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Fetal Distress


Julie S. Moldenhauer

, MD, Children's Hospital of Philadelphia

Last full review/revision Jul 2021| Content last modified Jul 2021

Fetal distress refers to signs before and during childbirth indicating that the fetus is not well.

Fetal distress is an uncommon complication of labor. It typically occurs when the fetus has not been receiving enough oxygen.

Fetal distress may occur when

  • The pregnancy lasts too long (postmaturity).
  • Other complications of pregnancy or labor (such as difficult or rapid labor) occur.

Usually, doctors identify fetal distress based on an abnormal heart rate pattern in the fetus. Throughout labor, the fetus’s heart rate is monitored. It is usually monitored continuously with electronic fetal heart monitoring. Or a handheld Doppler ultrasound device may be used to check the heart rate every 15 minutes during early labor and after each contraction during late labor.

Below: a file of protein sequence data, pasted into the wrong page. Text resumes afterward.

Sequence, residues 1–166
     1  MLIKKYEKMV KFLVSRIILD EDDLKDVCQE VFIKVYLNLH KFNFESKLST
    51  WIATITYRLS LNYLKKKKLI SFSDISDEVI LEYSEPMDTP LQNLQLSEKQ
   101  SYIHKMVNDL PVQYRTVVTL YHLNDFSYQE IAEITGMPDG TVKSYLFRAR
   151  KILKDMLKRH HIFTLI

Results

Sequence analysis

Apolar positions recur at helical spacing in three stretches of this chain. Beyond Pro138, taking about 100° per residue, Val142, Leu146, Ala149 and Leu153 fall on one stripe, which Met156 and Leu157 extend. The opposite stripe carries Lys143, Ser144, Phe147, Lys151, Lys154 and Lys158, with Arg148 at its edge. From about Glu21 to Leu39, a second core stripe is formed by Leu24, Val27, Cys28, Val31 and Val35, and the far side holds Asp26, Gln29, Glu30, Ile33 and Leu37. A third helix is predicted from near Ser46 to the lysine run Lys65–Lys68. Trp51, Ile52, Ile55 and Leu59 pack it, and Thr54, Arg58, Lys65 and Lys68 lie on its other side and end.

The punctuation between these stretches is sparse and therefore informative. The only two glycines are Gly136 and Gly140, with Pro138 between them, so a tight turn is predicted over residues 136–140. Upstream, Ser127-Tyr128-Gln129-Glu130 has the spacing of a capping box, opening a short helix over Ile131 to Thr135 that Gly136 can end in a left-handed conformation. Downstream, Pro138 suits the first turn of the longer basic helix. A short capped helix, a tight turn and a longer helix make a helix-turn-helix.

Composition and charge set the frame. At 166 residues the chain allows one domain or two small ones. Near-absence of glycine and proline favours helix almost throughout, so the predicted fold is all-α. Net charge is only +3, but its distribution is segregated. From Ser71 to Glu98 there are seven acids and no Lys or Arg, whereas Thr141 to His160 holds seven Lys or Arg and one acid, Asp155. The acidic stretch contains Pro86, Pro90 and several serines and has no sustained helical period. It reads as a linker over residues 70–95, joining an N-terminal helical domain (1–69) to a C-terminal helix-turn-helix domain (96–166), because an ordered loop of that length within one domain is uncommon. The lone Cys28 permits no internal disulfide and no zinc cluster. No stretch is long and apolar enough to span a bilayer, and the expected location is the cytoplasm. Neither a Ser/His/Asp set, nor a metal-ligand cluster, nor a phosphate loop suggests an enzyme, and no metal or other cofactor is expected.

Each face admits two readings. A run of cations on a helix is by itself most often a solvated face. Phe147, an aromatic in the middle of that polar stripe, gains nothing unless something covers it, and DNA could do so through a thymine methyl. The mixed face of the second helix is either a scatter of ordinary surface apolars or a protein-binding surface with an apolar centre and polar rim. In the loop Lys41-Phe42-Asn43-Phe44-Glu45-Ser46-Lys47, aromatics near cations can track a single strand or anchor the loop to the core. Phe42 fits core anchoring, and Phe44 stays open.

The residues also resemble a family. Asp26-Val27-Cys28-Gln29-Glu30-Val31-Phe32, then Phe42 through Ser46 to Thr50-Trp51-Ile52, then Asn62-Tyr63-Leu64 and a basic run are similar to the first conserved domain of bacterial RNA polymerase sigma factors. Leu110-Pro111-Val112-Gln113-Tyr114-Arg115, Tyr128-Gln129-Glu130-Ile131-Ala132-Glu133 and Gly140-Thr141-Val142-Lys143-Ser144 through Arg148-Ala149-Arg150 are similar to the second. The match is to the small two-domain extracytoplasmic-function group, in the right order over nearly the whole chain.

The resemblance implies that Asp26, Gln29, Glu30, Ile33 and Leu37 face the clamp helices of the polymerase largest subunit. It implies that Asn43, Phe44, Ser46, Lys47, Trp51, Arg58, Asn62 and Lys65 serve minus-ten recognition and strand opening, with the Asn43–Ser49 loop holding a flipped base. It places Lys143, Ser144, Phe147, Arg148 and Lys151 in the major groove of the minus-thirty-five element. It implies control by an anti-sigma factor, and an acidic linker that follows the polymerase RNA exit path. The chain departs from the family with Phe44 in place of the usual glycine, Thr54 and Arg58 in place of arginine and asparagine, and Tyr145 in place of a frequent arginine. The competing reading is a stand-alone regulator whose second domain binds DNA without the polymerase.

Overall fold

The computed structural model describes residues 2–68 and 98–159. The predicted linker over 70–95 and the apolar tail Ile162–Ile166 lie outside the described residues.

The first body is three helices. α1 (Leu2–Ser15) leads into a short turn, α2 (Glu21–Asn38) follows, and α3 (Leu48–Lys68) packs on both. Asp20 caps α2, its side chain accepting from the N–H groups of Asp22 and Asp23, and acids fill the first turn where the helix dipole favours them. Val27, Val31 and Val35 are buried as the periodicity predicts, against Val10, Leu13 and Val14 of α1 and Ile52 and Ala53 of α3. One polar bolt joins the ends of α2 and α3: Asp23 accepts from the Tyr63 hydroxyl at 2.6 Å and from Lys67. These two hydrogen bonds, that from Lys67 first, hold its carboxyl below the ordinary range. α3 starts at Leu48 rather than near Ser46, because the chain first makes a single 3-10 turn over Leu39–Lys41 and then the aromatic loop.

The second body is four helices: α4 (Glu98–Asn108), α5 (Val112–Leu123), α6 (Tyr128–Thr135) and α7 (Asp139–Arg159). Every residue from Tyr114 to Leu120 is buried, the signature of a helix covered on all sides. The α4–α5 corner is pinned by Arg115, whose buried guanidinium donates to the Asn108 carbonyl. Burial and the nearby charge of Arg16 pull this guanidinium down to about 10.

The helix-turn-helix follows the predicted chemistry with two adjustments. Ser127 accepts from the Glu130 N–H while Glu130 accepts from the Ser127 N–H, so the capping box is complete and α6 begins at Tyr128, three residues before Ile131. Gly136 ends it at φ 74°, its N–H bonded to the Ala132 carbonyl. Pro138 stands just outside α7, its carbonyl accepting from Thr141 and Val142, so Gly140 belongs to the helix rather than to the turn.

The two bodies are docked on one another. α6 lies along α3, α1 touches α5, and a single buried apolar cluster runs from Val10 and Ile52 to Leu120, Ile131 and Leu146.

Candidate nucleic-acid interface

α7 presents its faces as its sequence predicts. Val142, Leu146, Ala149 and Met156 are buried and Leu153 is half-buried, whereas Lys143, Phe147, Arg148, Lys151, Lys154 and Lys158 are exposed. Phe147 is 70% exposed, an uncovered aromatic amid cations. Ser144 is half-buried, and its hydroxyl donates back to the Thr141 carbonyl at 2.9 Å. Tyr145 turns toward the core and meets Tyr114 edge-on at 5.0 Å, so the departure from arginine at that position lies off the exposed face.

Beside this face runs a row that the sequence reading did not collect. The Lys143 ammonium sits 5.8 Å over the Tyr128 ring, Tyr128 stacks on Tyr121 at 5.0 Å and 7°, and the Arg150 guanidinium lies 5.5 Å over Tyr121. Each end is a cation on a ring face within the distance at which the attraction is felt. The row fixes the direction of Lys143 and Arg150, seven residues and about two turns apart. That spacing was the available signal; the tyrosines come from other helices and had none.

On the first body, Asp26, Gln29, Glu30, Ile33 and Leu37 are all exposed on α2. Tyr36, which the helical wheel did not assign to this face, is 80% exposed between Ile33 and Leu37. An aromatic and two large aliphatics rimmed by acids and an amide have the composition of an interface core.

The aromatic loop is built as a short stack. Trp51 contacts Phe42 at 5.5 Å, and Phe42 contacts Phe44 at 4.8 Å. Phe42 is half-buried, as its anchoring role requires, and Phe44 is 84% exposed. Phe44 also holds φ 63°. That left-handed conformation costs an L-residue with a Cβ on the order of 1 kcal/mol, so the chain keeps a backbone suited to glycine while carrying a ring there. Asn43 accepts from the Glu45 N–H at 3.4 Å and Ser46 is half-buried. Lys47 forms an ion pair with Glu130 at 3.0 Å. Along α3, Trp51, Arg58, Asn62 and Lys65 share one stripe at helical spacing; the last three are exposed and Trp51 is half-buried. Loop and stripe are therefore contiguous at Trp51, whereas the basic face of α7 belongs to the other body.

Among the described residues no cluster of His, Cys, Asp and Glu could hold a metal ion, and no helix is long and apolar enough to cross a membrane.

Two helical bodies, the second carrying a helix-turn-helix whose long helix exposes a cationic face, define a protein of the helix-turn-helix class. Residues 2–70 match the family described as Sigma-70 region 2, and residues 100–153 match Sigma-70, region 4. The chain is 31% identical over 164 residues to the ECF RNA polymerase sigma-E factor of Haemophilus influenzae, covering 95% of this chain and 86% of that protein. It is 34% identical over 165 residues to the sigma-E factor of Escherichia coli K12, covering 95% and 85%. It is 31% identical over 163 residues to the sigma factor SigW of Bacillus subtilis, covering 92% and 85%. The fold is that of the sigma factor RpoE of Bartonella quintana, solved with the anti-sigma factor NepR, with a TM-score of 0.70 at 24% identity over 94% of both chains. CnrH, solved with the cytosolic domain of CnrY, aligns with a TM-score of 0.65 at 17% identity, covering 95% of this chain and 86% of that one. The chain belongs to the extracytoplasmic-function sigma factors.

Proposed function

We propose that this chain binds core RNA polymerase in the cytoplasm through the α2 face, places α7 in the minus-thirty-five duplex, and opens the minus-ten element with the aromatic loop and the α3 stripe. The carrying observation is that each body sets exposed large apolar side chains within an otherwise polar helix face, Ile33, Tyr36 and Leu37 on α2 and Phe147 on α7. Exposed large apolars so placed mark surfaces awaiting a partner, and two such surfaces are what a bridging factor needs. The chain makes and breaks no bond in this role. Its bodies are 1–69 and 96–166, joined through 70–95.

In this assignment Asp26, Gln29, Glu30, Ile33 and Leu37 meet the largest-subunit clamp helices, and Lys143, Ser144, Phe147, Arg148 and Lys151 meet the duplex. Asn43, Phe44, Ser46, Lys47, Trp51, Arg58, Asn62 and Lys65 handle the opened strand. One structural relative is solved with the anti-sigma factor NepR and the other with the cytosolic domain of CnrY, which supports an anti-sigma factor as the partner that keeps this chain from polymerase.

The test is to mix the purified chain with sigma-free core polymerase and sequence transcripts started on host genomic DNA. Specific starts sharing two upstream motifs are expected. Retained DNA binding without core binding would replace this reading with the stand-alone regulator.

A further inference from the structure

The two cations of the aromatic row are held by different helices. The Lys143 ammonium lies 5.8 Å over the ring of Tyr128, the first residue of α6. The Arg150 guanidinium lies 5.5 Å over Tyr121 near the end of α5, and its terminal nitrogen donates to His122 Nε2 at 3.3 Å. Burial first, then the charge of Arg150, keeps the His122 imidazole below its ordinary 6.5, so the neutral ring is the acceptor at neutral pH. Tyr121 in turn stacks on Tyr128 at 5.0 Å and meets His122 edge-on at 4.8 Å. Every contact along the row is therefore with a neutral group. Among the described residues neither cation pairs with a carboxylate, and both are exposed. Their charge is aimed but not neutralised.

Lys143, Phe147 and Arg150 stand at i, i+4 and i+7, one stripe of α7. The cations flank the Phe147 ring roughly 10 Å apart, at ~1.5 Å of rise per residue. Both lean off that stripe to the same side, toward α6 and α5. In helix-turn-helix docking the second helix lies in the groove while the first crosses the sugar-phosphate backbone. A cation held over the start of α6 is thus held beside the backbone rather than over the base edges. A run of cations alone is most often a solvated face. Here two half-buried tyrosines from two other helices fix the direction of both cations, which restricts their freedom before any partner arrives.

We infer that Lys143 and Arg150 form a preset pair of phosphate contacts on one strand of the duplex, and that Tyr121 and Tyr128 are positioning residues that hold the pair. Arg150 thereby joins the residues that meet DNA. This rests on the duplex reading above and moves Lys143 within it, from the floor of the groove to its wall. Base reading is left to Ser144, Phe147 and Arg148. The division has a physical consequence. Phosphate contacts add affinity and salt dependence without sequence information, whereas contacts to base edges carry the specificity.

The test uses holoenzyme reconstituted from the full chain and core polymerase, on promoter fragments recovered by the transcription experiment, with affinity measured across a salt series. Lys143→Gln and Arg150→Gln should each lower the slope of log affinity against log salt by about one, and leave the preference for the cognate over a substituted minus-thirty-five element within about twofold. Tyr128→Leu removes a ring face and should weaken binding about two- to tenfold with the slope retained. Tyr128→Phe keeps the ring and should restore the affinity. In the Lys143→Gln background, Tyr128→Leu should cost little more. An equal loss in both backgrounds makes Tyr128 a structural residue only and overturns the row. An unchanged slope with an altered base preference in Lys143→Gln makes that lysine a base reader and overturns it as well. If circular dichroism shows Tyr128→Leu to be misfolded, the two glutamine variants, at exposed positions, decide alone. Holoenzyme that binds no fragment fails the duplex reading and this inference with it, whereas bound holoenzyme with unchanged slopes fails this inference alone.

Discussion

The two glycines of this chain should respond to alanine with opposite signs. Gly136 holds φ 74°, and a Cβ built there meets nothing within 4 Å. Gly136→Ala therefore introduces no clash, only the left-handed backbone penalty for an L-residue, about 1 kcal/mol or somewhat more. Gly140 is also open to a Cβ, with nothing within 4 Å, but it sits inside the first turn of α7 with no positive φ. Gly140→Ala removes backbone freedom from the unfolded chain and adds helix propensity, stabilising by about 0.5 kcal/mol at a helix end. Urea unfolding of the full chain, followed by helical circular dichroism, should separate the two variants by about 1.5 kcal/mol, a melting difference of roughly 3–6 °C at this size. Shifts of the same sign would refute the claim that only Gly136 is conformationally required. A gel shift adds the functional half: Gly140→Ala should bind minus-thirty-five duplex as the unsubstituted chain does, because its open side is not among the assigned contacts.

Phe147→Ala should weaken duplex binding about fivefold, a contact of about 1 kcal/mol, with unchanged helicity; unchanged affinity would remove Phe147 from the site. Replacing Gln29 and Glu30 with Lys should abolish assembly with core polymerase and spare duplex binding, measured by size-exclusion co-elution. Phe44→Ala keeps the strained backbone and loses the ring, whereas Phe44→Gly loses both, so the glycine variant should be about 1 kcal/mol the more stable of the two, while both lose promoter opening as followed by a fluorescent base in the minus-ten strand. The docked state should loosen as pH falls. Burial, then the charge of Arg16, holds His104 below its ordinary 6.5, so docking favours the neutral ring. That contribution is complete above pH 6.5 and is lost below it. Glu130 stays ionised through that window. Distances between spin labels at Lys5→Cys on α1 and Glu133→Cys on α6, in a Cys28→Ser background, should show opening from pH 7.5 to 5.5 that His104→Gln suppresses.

If a significant abnormality in the heart rate is detected, it can usually be corrected by the following:

  • Giving the woman oxygen
  • Increasing the amount of fluids given intravenously to the woman
  • Turning the woman on one side or the other

Did You Know...

  • An abnormal heart rate in a fetus may be the earliest sign of fetal distress.

Contractions that are too strong and/or too close together may cause fetal distress. If oxytocin was used to stimulate contractions, it is stopped immediately. The woman may be repositioned and given analgesics. If no drug was used to stimulate contractions, the woman may be given a drug that can slow labor (such as terbutaline, given by injection) to stop or slow the contractions.

If these measures to correct the fetus's heart rate or control contractions are not effective, the baby is delivered as quickly as possible by a vacuum extractor, forceps, or cesarean delivery.

Drugs Mentioned In This Article

Generic Name Select Brand Names
terbutaline No US brand name

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